RESEARCH TRIANGLE PARK – Cisco Systems will fully exit Russia months after stopping business operations, according to a statement shared on the company’s website that is dated Thursday.
“We strongly and unequivocally condemn the unjustified war, and the violence that has been unleashed upon innocent civilians,” the company’s webpage reads.
The company, which has a campus in Research Triangle Park and whose CEO, Chuck Robbins, is a graduate of the University of North Carolina at Chapel Hill, will also leave Belarus, according to the statement.
“We have continued to closely monitor the war in Ukraine,” the statement reads. “We have now made the decision to begin an orderly wind-down of our business in Russia and Belarus.”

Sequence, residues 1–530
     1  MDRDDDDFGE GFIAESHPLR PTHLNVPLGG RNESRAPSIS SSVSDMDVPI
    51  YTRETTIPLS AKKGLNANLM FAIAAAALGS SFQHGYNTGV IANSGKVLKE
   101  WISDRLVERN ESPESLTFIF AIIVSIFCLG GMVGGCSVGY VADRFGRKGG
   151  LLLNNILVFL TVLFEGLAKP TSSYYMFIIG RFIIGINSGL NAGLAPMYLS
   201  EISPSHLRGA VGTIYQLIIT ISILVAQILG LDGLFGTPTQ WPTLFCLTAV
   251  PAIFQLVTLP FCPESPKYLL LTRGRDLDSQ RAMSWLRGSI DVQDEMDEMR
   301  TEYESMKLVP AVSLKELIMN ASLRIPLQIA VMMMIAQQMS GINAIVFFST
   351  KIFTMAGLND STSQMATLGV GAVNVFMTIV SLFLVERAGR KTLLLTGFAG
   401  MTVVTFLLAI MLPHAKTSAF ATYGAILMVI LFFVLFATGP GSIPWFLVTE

Earlier this year, in March, the company published a letter signed by Robbins that said that the company would stop “all business operations, including sales and services, in Russia and Belarus for the foreseeable future.” That letter appears on the same webpage as Thursday’s announcement, along with an FAQ that notes that the priority for the publicly-traded firm is the safety of its employees.
“We are focused on ensuring impacted employees in Russia and Belarus are treated with respect and have our support through this transition,” today’s statement reads. “Cisco remains committed to using all its resources to help our employees, the institutions and people of Ukraine, and our customers and partners during this challenging time.”
Earlier this year, the company changed how some of its employees would be paid, due to increasing inflation in the United States, and said it would experiment with a four-day work week. Still, despite the changes to compensation due to concerns about rising prices and the economic environment that appeared in an employee survey, Robbins downplayed concerns the country or globe would slip into economic recession last month, even as Cisco’s stock has taken a tumble in part due to ongoing supply chain challenges and what Robbins called “continuing uncertainty” during an investor call.